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INSIDECOSTARICA.COM | COSTA RICA  NEWS |    Sunday 23 October 2011

How Long Can A Crocodiles Live?

In captivity crocodiles can live up to 60 years. In their natural habitat, rather, they have shorter life spans because they are prone to attack by pests and diseases.

Crocodiles, despite the claim by "Chito" having done so, cannot be tamed. Reptiles are very difficult to tame because they have a very primitive brain. They react instinctively to attack or defend. Domestication, if ever achieved, is a process that takes several generations.

The news of Chito and his croc, "Pocho" spread around the world several years ago and more in the past week with the death of the reptile.

Chito and Pocho were the best of pals, they put on shows for locals in Siquirres, in the province of Limón, and tourists alike. The international media fell in love with the unusual relationship between man and reptile.

So, how did Chito tame his pal? Why for so long this animal did not attack?

According to experts at Costa Rica's inBio Parque, the animal had a disease that allowed it to interact with a human.

In addition, the animal had been shot. Chito had found the animal by the side of a river wounded, deciding to take it home for its skin. But, under Chito's care the animal survived and thus began a friendship between the two.

The inBio experts say that the animal was blind and had something in the brain that did not allow it to behave like other crocodiles.

The experts believe that the bullet may have touched the brain of the animal, causing a clot that changed its behaviour and if the animal had been left or later released in the wild, it would have surely died.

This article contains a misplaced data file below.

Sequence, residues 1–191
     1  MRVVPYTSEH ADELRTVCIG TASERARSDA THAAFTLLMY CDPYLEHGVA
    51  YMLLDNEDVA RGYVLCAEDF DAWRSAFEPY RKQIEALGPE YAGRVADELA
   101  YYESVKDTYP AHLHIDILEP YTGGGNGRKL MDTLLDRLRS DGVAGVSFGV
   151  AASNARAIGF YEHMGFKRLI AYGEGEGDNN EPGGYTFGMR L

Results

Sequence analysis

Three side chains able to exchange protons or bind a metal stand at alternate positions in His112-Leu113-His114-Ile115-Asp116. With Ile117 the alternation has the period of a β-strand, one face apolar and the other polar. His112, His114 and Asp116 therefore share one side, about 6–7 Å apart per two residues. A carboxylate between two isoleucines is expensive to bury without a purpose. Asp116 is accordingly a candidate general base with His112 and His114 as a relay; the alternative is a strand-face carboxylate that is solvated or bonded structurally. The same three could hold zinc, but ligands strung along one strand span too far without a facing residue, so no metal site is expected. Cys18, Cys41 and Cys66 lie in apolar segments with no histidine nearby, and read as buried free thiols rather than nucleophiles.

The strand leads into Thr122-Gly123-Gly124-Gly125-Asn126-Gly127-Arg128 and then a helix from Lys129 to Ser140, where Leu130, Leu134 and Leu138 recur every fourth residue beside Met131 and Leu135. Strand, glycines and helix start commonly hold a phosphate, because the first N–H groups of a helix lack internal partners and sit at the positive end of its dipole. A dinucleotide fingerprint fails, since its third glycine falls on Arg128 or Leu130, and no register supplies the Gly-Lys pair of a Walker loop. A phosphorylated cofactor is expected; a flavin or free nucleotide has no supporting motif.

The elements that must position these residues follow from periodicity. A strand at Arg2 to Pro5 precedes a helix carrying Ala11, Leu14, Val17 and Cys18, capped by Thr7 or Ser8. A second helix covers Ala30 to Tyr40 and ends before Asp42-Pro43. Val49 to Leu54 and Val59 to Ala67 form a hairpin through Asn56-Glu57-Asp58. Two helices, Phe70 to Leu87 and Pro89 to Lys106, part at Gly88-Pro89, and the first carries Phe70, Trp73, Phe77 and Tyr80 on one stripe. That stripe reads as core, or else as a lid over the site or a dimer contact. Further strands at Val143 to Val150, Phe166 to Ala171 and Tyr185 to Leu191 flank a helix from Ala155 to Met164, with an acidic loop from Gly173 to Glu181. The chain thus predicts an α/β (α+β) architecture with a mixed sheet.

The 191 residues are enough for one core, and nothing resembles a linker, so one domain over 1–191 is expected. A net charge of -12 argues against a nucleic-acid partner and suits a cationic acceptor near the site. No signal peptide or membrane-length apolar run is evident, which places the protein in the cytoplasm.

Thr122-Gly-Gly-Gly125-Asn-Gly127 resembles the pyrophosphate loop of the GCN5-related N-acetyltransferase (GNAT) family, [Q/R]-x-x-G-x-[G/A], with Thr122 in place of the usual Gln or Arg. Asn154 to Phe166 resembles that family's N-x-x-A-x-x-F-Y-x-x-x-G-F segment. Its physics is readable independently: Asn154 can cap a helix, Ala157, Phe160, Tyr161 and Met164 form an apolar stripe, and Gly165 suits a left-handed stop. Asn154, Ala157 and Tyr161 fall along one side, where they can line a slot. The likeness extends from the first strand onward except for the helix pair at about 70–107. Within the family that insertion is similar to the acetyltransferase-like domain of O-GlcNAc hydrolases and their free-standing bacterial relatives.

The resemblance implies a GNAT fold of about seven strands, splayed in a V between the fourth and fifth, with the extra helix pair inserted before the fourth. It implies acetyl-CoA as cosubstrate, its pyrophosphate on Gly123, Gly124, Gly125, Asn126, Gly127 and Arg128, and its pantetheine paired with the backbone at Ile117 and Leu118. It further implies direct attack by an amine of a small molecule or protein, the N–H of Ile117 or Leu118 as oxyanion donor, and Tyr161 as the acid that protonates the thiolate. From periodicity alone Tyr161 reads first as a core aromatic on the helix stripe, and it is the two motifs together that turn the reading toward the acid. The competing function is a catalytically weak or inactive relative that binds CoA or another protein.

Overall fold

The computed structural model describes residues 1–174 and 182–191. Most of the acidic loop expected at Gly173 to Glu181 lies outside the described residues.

Come January 2012, the world will take a closer look at the relationship of Chito (whose name is Gilberto Shedden) and Pocho, when a documentary in 3D produced by an African team, will be available to the public.

What's the difference between an alligator and a crocodile?
Here's a bit of interesting trivia for you: All alligators are crocodiles, but not all crocodiles are alligators. Sound confusing? It's really not once you look at the taxonomy.

Both alligators and crocodiles are members of the reptilian order Crocodylia. But the families they belong to, Alligatoridae and Crocodylidae respectively, differ. Often, when people use the word "crocodile" what they really mean is "crocodilian." This term encompasses not just the common alligators and crocodiles you might already know, but also the lesser known Gavialidae family that contains the lone gavial, or gharial. All told, there are 23 species of crocodilians.

As a group, crocodilians are pretty impressive animals: Their lineage goes back 240 million years, meaning they've outlived the dinosaurs by a good 65 million years. Ideally suited for life in water and on land, members of the order can swim up to 32 km/h (20 mph) and run up to 18 km/h (11 mph). They're most at home in the water and can hold their breath for up to an hour. Eyes situated atop their heads enable them to keep a lookout for prey, while their powerful tails swiftly propel them through the water.

Crocodiles and alligators are top-notch hunters and will eat just about anything they can get their teeth on, from fish and turtles to monkeys and buffalo. With teeth specialized just for spearing, neither family even bothers to chew its food -- they swallow large chunks or the entire animal whole.

As if that weren't scary enough, crocodilians have incredibly powerful senses to detect their prey. Their eyesight above water is top notch, and thanks to vertical pupils that can open up extra wide to let in additional light, they also have keen night vision. And even though you can't see their ears, don't be fooled -- these small slits are sensitive enough to hear offspring calling from inside their eggs [source: San Diego Zoo]. Even their sense of smell is highly developed due to special organs in their snouts.

Impressive similarities aside, the difference between alligators and crocodiles can be found in key areas -- for one thing, "Alligator Dundee" just doesn't have the same ring to it.



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